3. Suits of this character are not altogether unknown and their effect is vividly described by Lord Brougham in a celebrated passage in the judgment of the House of Lords in Bandon v. Becher (1835) 3 C1. & Fin. 479 at p. 510: 9 Bligh. (n. s.) 532: 6 E. R. 1517.: 'A sentence is a judicial determination of a cause, agitated between real parties, upon which real interest has been settled;---in order to make a sentence there must be a real interest, a real argument, a real prosecution, a real defence and a real decision; of all these requisites, not one takes place in the case of collusive and fraudulent suits; there is no Judge, but a person, invested with the ensigns of the judicial office, is misemployed in listening to a fictitious cause proposed to him. There is no party litigating, there is no party defendant, and there is no real interest brought into question.... The whole proceeding is collusive and fraudulent. It cannot, therefore, be treated as a judicial proceeding, but may be passed by as availing nothing to the party who sets it up.' But the plaintiff-respondent contends that as the decision in this litigation would be operative as against the real owner [Bash Behary Sarkar v. Mahendra Nath Ghose 21 Ind. Cas. 979: 19 C. L. J. 34.], the suit should be allowed to proceed at his instance. We are emphatically of opinion that we should not accede to this argument. Courts of Justice should not be permitted to be utilised for the purpose of creating fictitious titles, which must inevitably tend to weaken the sanctity which justly attaches to judicial transactions. It is no doubt open to a party to impeach the reality of a transaction between two private individuals; it is equally open to him to impeach the reality of a judicial proceeding. But the Court should certainly be slow to encourage the creation of fictitious titles in the matter disclosed by the proceedings placed before us.
4. Reference was made to the decision of Sir Richard Couch, C. J., in Earn Bhurosee Singh v. Bissessur Narain Mahata (6), where a suit for possession of land by a benamdar was allowed to be maintained. That decision, however, is not in conformity with a long series of cases in this Court both anterior and subsequent to it, which will be found reviewed in Hari Gobind Adhikari v. Akhoy Kumar Mozumdar (2) and Mohendra Nath Mookerjee v. Kali Proshad Johuri (3). We must take it now as well settled in this, Court that, in suits for land, an action cannot be maintained by a benamdar [Atrabannessa Bibl v. Safatullah Mia 31 Ind. Cas. 189: 22 C. L. J. 259: 43 C. 504.], But, in our opinion, the case now before us is much stronger than any of the cases just mentioned. This is a suit by a person -who has deliberately sought to utilise the machinery of the Courts for a purpose for which Courts of justice do not exist: viz., for the purpose of creation of fictitious titles, and we fail to appreciate how a Court can be invited, by a person who has so acted, to recognise and enforce such an unreal title. Considerations which may be applicable to bona fide purchasers clearly do not arise here [Radha Madhab Paikara v. Kalpatara Roy 16 Ind. Cas. 811: 17 C. L. J. 209., Akhil Prodhan v. Manmatha Nath Kar 22 Ind. Cas. 86: 18 C. L. J. 616., Gore v. Stacpoole (16).]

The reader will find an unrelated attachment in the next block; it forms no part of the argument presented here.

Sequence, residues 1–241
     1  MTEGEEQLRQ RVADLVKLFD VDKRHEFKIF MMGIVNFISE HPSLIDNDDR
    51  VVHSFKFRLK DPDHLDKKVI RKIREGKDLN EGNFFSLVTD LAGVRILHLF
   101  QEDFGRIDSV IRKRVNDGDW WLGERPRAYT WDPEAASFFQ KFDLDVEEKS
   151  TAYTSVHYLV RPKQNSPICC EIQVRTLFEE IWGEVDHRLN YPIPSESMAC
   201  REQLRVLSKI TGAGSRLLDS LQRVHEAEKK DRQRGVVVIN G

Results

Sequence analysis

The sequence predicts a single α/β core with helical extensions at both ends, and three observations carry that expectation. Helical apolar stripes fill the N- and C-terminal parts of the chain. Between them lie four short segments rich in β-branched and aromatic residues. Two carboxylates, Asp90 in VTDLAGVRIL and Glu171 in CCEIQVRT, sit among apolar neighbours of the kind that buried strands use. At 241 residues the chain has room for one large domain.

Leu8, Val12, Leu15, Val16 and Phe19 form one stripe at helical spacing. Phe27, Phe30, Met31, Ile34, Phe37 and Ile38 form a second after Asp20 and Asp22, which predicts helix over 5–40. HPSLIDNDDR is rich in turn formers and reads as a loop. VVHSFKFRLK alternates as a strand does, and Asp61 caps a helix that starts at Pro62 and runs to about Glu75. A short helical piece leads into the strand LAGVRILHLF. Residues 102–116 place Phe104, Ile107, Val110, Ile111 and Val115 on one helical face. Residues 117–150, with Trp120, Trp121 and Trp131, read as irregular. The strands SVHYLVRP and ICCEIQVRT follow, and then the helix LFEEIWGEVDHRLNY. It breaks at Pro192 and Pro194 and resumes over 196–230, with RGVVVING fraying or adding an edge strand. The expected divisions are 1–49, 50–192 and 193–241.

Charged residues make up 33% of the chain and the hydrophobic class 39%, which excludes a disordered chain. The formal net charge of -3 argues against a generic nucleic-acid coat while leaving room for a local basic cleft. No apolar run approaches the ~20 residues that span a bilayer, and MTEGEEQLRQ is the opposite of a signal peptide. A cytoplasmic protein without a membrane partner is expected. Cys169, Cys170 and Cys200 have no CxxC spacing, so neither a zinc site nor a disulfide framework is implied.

5. It has finally been suggested that we should direct that the real owner be joined as a plaintiff in this suit. No doubt a step of this character has been commended in some of the cases found in he books [sita Nath Shaha v. Nobin Chunder Roy (8), Rance Bhobosoonduree Dossee v. Issur Chunder Dutt (9), and Bhola, Pershad v Ram Lall (10)], but the course has not been adopted in others. [Hari Gobind Adhikari v. A hoy Kumar Mozumdar (2).] It is obvious that the real owner here could not be joined as a party except upon an application by herself. But even if such an application were made we could not possibly grant it, because if the application were granted, the allegations in the plaint would require to be completely recast. It has further been stated to us that the suit by the real owner, if instituted now, will be in time; consequently there is no substantial reason why we should grant this belated application for addition of the real owner, contrary to the allegations in the plaint and the evidence.
6. The result is that the appeal preferred by the defendant (Letters Patent Appeal No. 18 of 1916) is allowed and that by the plaintiff (Letters Patent Appeal No. 22 of 1916) is dismissed. The suit will stand dismissed with costs in all the Courts, but there will be no separate order for costs in. the appeal by the plaintiff.